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Restoration of the Great Hall, one of the most historically significant buildings on the Christchurch Arts Centre site

Christchurch Arts Centre wins gold at national engineering awards

Technical excellence and the sensitive treatment of heritage features during restoration of two of the Christchurch Arts Centre’s oldest buildings has resulted in a national engineering award.


The restoration of the Clock Tower (1877) and Great Hall (1882) was awarded a Gold Award of Excellence at this year’s Association of Consulting Engineers New Zealand (ACENZ) INNOVATE Awards. 

Announced in early August, the awards showcase and celebrate outstanding engineering projects from around New Zealand, with judges looking for technology, innovation and service that go beyond what is considered standard for the industry.

Structural engineers Holmes Consulting worked collaboratively with the Arts Centre to restore the treasured historic buildings, with Holmes project director John Trowsdale describing it as an enormous challenge. 

“We worked with the Arts Centre to introduce cutting-edge structural solutions that were hidden beneath and within the existing masonry, plus installed modern utilities and services – all while retaining the buildings’ original features,” he says. 

“Each structure required different structural solutions, which needed to be invisible to the eye as much as possible, using the original stone and a variety of new materials to repair the extensive damage. The key was to preserve and protect the stunning heritage features so the Arts Centre maintained its heritage and authenticity, while also underpinning the structure with modern – and hidden – structural features to safeguard its future and ensure the safety of those who use it.”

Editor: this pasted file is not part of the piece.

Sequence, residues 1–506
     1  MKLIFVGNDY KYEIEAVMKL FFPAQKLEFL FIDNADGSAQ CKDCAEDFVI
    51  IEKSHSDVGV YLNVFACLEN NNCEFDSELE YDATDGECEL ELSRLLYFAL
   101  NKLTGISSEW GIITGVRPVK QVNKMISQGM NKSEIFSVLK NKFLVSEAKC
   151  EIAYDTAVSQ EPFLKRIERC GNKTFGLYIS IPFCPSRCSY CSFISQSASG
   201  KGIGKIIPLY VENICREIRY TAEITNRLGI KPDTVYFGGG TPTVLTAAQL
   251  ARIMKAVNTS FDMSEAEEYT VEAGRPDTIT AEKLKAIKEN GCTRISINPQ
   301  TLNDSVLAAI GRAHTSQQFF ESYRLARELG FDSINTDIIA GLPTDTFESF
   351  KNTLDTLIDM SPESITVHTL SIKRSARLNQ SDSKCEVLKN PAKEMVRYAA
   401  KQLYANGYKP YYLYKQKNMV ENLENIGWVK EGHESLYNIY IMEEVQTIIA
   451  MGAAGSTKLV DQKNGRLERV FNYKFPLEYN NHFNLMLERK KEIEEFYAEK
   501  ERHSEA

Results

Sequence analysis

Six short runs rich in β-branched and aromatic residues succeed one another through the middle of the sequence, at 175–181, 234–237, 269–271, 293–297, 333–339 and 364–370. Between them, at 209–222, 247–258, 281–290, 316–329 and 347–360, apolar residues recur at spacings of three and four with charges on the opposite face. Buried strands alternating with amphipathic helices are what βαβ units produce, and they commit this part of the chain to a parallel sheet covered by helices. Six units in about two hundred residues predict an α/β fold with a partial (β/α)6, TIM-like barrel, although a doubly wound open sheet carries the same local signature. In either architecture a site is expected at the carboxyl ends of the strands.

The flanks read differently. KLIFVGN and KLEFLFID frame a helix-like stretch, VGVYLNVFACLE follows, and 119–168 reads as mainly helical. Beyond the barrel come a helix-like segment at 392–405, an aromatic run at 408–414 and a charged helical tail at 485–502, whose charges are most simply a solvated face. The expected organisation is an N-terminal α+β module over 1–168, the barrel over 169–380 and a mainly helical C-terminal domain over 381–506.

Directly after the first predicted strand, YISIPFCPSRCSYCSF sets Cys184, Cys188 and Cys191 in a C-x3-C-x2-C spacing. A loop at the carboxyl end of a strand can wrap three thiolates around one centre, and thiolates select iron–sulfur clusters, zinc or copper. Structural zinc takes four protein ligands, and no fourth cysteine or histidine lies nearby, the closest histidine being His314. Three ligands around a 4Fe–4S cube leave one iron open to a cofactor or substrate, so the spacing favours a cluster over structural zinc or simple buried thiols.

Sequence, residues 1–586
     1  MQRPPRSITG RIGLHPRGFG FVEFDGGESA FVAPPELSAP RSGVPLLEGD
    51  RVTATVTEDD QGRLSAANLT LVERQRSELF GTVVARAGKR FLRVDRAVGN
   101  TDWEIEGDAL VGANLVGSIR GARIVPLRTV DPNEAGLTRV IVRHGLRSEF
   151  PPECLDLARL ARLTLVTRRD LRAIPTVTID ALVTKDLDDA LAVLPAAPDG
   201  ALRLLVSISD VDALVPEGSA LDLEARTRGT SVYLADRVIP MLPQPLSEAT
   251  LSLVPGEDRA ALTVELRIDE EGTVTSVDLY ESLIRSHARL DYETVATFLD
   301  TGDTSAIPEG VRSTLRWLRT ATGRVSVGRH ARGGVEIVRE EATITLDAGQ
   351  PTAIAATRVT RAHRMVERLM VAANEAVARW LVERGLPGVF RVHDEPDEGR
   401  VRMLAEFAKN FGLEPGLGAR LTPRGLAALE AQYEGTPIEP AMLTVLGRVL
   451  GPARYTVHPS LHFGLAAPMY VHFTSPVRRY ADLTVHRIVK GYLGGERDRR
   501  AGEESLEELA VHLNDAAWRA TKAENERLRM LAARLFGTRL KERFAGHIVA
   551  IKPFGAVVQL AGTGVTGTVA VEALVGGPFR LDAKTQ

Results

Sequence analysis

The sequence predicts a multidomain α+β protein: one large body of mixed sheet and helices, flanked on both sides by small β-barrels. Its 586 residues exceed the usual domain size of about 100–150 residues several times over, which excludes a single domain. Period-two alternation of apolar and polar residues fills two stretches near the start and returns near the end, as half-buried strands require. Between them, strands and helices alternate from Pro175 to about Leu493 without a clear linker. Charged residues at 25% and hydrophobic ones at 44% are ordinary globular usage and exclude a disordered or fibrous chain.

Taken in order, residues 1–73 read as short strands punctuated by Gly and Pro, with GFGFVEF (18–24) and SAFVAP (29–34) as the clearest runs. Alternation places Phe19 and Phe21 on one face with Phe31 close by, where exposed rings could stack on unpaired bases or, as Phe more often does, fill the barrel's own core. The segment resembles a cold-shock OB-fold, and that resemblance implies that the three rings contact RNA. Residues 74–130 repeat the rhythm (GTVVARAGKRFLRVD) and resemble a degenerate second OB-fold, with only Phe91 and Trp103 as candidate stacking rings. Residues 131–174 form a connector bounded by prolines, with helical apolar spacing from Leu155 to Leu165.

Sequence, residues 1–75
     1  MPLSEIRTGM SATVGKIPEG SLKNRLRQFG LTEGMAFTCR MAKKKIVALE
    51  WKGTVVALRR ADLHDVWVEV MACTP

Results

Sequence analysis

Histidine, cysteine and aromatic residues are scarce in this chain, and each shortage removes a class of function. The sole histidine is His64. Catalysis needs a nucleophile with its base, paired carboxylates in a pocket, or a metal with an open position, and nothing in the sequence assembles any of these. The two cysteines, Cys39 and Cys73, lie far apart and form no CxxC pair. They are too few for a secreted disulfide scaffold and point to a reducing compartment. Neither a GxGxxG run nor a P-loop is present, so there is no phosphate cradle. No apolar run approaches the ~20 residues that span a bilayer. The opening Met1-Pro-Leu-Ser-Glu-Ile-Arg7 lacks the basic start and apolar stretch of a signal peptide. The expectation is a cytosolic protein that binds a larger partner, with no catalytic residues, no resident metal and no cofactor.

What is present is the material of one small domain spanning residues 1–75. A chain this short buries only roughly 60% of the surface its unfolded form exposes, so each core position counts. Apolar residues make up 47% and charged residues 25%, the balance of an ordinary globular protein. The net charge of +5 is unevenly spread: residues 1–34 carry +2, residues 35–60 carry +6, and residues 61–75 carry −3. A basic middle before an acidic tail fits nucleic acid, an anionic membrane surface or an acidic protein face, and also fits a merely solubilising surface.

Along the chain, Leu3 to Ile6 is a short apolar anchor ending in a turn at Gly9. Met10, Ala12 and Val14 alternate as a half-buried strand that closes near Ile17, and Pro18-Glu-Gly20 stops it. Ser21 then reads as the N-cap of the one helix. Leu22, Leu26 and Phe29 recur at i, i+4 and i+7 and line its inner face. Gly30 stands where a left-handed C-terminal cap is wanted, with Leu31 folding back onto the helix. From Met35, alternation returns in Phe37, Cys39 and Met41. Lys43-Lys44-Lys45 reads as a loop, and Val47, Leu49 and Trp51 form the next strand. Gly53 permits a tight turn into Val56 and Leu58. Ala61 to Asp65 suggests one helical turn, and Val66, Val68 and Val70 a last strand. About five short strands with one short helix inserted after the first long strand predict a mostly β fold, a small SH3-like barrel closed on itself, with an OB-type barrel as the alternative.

Tailored for the 21st century

The Arts Centre restoration is one of the largest heritage projects of its kind being undertaken in the world, and more than half the site has now reopened to the public. The Great Hall and Clock Tower were the first buildings to be restored because they were the most historically significant buildings on the site, says Arts Centre CEO André Lovatt. 

“These buildings have always been places for people, and their post-earthquake restoration provided an opportunity to cleverly tailor them for a 21st century community. Tens of thousands have flocked to them since they re-opened, reflecting the special and powerful memories they hold for so many in our healing community.”

The Arts Centre’s distinctive architectural style was established by renowned New Zealand architect Benjamin Woolfield Mountfort, who designed the first buildings for the site when it was owned by Canterbury College. He started with the Clock Tower and then the Great Hall, with both buildings typical of the Gothic Revival period of architecture – a 19th century style that Mountfort had learnt from his masters in England.

Progressive re-opening

The Christchurch Arts Centre is New Zealand’s largest collection of Category 1 heritage buildings and it is held in trust for the people of Canterbury and its visitors. A core consulting team worked with the Arts Centre on the restoration of the Great Hall and Clock Tower, comprising Holmes Consulting, Warren and Mahoney, Powell Fenwick Consultants, Resource Management Group, Dave Pearson Architects, Holmes Fire and Fletcher Construction.

The Arts Centre’s 23 buildings suffered significant damage in the Canterbury earthquakes and an extensive $290 million restoration programme is currently underway – the largest of its type in the world. The site is being progressively re-opened and more than half is now open to the public. Much of the restoration work is being funded by insurance, but the Arts Centre is relying on fundraising, grants and partnerships in order to complete the project.

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